3. Deportations have been a huge story for the past few years, and some would say the Obama Administration has been ruthless in its enforcement policy. In figures just released for fiscal year 2012, US ICE removed 409,849 illegal immigrants, a record number following other record numbers in recent years. In fiscal year 2011, the administration removed 396,906, fiscal year 2010 392,862, fiscal year 2009 389,834, and fiscal year 2008 369,221. The number of deportations has been an ongoing source of friction between the Obama Administration and immigrant communities across the country.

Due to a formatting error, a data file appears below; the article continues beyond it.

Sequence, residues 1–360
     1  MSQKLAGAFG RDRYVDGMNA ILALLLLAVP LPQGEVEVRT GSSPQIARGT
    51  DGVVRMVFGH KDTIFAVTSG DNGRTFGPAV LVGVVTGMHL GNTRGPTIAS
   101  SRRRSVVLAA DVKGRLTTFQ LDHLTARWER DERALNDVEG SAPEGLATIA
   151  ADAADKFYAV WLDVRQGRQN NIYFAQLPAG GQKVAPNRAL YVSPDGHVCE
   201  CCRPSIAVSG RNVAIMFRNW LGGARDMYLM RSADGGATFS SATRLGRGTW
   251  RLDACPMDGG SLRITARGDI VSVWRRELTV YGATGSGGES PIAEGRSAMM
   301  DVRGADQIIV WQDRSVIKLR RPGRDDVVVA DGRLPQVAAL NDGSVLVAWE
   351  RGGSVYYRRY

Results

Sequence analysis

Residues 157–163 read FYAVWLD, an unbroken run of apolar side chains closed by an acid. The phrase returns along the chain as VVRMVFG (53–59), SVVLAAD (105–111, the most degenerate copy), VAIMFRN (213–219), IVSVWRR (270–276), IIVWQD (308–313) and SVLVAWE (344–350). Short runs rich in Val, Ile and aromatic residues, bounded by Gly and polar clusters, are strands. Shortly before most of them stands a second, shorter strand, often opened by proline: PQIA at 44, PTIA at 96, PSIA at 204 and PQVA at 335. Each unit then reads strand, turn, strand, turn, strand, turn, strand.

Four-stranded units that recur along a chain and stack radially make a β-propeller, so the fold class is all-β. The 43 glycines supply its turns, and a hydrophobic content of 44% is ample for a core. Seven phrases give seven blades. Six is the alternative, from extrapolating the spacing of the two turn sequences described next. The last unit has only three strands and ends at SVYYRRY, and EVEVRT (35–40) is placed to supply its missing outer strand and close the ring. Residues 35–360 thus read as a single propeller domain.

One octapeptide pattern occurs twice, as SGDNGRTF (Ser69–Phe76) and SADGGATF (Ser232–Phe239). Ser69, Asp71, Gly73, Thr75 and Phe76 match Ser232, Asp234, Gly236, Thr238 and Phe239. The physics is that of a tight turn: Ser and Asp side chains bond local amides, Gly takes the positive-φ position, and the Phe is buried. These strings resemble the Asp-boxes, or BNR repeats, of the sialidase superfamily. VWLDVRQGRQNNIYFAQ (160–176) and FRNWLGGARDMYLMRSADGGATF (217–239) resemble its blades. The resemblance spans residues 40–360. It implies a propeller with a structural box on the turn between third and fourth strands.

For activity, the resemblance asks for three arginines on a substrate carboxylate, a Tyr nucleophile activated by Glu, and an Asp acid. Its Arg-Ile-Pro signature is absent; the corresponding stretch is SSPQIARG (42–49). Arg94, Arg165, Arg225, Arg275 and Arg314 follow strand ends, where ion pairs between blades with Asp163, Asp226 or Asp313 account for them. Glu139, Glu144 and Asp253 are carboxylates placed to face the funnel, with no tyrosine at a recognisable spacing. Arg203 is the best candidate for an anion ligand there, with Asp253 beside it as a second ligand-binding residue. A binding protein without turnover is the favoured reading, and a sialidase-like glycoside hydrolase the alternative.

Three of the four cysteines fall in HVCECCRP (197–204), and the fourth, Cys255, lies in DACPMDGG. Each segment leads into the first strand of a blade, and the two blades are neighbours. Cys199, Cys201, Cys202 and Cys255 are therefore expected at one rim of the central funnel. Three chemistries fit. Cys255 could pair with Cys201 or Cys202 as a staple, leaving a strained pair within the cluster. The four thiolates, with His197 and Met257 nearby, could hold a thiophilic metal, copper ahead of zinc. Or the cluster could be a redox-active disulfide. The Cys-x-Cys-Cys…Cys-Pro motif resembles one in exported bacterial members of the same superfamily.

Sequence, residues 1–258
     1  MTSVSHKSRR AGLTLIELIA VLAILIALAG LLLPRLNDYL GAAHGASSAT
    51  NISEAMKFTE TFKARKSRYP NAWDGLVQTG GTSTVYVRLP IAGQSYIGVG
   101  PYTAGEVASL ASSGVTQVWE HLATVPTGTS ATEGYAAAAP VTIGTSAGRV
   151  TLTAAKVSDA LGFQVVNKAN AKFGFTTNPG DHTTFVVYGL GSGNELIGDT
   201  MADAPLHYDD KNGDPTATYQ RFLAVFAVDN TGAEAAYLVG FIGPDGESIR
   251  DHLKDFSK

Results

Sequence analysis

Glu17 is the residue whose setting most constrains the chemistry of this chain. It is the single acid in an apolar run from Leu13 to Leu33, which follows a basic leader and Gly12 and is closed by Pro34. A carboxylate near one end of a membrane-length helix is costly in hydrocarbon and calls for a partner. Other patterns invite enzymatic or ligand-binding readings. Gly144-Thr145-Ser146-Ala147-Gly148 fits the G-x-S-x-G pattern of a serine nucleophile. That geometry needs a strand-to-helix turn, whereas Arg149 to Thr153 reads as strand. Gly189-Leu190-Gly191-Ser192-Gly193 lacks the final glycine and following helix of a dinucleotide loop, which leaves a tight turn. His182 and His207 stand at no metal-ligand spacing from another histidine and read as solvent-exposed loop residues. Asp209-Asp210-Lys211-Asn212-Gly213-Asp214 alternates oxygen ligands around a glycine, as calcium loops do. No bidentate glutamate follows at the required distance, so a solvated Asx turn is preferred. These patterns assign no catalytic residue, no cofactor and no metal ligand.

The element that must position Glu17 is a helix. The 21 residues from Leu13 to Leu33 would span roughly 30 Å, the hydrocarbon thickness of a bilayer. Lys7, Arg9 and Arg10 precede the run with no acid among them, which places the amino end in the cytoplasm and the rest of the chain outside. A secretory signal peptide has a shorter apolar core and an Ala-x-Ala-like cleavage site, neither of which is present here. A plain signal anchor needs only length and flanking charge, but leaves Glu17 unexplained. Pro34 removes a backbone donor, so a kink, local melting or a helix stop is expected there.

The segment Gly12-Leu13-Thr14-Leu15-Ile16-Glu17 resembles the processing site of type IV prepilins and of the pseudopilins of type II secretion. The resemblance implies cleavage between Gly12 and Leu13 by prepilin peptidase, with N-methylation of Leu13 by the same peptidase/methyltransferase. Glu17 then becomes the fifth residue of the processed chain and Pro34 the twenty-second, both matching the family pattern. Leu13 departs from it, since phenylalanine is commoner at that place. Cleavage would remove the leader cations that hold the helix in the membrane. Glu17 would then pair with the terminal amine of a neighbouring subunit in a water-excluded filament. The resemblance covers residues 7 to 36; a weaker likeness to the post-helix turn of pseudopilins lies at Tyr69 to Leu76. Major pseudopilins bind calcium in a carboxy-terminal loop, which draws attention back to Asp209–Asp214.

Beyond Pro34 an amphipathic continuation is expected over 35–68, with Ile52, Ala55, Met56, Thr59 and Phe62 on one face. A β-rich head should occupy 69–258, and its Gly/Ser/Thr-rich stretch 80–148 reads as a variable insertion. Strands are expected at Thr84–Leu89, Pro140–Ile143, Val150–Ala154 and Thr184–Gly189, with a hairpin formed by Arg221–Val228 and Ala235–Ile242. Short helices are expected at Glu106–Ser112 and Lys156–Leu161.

4. The continual evolvement of USCIS service centers has been an interesting phenomenon to observe over the years, and in 2012 the agency continued its progress in honing the ability of service centers to adapt and shift to meet the demands of the public. It managed to do this by prioritizing, transferring personnel, and shifting case volume from one center to the next when needed. An example was USCIS announcements in August that I-130 immediate relative standalone petitions would be transferred from service centers to the NBC (National Benefits Center) and routed to an appropriate field office; that the NBC would retain interview waivable family-based adjustment of status cases for adjudication; and that I-90 replacement green card applications previously adjudicated in the Nebraska service center would be adjudicated at the NBC. This flexibility has allowed the agency to reduce and keep processing times for petitions and applications consistent with its goal. The continual shifting of workload does make it imperative for the public to read the current instructions before submitting petitions or applications to ensure a correct sending address.